Drug rehabilitation in Indonesia
Walls and bars: some residential rehabilitation services in Indonesia offer few creature comforts for recovery
Sulis leans forward and lights another clove cigarette, the sharp light from his match temporarily illuminating his soft features. For a second the smell of the freshly lit tobacco is everything, before the roar of the gas burner and the crackle of spitting fat snap me back to the warung. Looking around nervously, he sees that the road-side stall is emptying. He draws a long breath and looks me in the eye before telling me what I had already suspected. 'I have relapsed,' he says. 'I started using again three months ago. Now it's back to everyday.'
Sulis is a heroin addict. Raised in Jakarta and introduced to drugs in his late teens, he moved to Yogyakarta three years ago to begin rehabilitation. His story is a common one (and Sulis is not his real name). Illicit drug use has shaped his life: his relationships, his health, his employment and his involvement with police. In Jakarta he had tried residential programs, but moving to Yogyakarta offered him a chance for a new beginning, a chance to get clean away from the prying eyes of a family that had all but given up on him. After nearly three years clean he considered himself a former addict and was established as a mentor within Yogyakarta's drug treatment community. But as his work commitments and his social circles in his new city grew, so did his exposure to drugs. And now he was opiate-dependant all over again.
Across the globe, a number of treatment types are generally available for chronic drug users. Short-term supervised withdrawal is one, long-term rehabilitation another. Both tend to work best for users who have recognised that their drug use is a problem and have committed to doing something about it. By entering a residential rehabilitation facility – as Sulis did when he first moved to Yogyakarta – a drug user hopes to have some 'time out' before reintegrating gradually into the community and hopefully staying clean. Nevertheless, the United Nations Office on Drugs and Crime reports that around the world, 70 per cent relapse after exiting such treatment programs; other estimates put the figure closer to 90 per cent. Clearly rehab is not a cure-all strategy, though for some it can be effective.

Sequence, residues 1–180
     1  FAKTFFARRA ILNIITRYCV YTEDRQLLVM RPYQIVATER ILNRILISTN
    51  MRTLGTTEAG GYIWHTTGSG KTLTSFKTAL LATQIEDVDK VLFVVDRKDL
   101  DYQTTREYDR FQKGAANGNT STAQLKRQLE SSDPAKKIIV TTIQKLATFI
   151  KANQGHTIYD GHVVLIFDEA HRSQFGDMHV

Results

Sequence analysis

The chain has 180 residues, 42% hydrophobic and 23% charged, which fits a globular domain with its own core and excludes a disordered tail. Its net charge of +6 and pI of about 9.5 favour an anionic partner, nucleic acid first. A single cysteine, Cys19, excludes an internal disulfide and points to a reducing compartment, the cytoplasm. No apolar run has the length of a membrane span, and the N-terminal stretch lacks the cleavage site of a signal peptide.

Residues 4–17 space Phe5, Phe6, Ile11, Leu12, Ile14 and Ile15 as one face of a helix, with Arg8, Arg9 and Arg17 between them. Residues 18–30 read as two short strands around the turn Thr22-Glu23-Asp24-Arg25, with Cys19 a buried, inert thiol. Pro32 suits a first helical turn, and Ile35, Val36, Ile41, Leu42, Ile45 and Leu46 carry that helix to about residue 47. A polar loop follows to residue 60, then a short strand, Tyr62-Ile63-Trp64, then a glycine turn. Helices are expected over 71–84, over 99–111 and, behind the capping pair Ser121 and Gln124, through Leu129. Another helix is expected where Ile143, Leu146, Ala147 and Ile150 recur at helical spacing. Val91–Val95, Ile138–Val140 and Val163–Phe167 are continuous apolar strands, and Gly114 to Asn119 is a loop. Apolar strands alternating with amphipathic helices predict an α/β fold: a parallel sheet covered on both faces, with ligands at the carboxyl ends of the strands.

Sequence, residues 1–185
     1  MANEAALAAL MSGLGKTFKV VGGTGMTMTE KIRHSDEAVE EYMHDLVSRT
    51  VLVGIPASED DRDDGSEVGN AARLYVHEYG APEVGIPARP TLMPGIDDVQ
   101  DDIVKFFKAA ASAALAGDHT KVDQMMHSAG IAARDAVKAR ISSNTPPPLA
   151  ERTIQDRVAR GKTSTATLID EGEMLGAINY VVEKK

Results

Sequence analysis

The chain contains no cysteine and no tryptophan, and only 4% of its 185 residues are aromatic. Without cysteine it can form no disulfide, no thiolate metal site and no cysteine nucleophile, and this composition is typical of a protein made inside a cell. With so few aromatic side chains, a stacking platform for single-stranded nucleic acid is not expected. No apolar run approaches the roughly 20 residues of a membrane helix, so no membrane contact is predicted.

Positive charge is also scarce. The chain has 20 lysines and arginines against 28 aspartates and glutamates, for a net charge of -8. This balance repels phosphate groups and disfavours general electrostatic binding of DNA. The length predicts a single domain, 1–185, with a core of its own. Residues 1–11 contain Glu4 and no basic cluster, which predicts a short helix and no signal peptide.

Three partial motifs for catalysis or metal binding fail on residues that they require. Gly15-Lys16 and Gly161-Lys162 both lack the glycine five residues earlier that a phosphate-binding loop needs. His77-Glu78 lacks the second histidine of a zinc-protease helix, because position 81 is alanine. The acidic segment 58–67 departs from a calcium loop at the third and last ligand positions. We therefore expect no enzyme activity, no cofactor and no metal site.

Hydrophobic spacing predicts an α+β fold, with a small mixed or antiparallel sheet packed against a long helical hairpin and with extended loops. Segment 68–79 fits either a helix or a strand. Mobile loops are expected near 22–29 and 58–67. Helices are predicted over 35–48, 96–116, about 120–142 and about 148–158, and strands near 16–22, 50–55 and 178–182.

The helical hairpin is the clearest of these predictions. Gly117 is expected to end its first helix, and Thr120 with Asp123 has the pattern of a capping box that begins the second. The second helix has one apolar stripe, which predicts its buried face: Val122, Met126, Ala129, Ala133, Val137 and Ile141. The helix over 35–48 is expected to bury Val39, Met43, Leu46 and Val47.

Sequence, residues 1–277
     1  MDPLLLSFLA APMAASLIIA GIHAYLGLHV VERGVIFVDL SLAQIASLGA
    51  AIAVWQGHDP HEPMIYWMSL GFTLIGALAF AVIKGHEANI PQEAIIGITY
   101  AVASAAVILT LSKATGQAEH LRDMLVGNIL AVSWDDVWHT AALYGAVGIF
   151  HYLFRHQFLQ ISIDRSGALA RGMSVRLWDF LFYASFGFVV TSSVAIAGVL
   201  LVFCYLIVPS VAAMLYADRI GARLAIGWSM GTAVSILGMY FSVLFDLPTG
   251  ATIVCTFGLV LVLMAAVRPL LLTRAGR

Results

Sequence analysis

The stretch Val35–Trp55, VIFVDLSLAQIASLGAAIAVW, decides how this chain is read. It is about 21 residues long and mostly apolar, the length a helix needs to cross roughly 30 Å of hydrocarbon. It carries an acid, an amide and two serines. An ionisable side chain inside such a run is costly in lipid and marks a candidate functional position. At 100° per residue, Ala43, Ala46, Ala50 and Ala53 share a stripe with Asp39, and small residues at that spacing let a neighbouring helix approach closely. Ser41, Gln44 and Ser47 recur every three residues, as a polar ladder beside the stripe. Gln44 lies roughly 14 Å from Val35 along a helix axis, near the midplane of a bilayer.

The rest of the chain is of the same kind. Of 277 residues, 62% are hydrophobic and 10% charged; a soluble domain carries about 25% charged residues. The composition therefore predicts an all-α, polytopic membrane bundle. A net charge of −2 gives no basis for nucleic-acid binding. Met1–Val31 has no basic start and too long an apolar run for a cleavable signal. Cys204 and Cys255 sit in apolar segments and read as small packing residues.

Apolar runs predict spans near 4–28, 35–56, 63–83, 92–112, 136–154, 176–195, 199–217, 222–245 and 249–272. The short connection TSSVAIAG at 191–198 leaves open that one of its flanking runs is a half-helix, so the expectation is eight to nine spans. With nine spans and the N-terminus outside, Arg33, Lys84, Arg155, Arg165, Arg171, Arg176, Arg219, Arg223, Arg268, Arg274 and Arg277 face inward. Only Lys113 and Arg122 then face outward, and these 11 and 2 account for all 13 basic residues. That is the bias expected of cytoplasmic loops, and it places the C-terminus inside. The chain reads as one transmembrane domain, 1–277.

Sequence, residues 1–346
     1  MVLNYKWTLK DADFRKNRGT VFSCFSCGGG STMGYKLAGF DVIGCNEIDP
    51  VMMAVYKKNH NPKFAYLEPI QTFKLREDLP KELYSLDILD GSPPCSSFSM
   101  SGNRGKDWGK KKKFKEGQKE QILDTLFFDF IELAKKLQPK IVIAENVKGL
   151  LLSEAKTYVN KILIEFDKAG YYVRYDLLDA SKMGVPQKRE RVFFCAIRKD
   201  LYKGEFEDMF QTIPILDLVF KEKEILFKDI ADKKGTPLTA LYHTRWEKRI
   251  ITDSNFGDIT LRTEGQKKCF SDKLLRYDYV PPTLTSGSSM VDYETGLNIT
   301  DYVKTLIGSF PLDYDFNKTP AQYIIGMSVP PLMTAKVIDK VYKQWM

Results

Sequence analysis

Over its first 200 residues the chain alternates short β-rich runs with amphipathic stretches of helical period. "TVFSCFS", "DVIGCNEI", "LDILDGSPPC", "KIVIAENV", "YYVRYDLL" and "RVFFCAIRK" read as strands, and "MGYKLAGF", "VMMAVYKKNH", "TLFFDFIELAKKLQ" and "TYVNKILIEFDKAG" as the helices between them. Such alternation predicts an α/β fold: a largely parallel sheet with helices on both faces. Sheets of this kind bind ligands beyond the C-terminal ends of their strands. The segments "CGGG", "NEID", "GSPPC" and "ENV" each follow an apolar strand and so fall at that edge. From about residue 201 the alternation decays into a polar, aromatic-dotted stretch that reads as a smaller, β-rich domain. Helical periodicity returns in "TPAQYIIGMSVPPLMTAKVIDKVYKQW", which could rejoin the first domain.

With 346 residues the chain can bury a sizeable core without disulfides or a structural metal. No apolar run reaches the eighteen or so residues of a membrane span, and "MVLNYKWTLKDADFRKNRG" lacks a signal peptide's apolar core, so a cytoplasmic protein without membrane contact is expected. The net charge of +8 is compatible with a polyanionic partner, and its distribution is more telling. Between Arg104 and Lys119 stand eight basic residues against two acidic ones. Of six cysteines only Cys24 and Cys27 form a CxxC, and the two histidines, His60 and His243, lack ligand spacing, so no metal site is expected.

When people who use drugs are forced into residential treatment settings, relapse rates are higher still. Many users are unwilling or unable to remain abstinent; for these people, detox and rehabilitation have little long-term benefit. There is now irrefutable evidence from within Indonesia and without to suggest that counselling, support, peer education (formal or informal guidance from ex-users), and prescribed substitution therapies (such as methadone or buprenorphine, both of which are used to manage heroin dependence) lead to a reduction in drug-related harm, more resilient change among drug users, and are a more cost-effective use of limited resources.
Available treatment services
Yogyakarta's drug treatment services are typical of those offered in most Indonesian cities. Driven by the non-government sector, the meagre funding on offer seems not to deter an army of volunteer workers whose enthusiasm and determination to make a difference are truly remarkable. Two collective farms offer live-in recovery programs, faith-based organisations operate a few small scale (eight- to ten-bed) rehabilitation programs, and several other not-for-profit services run one drop-in centre (including a needle distribution program) and other peer support programs.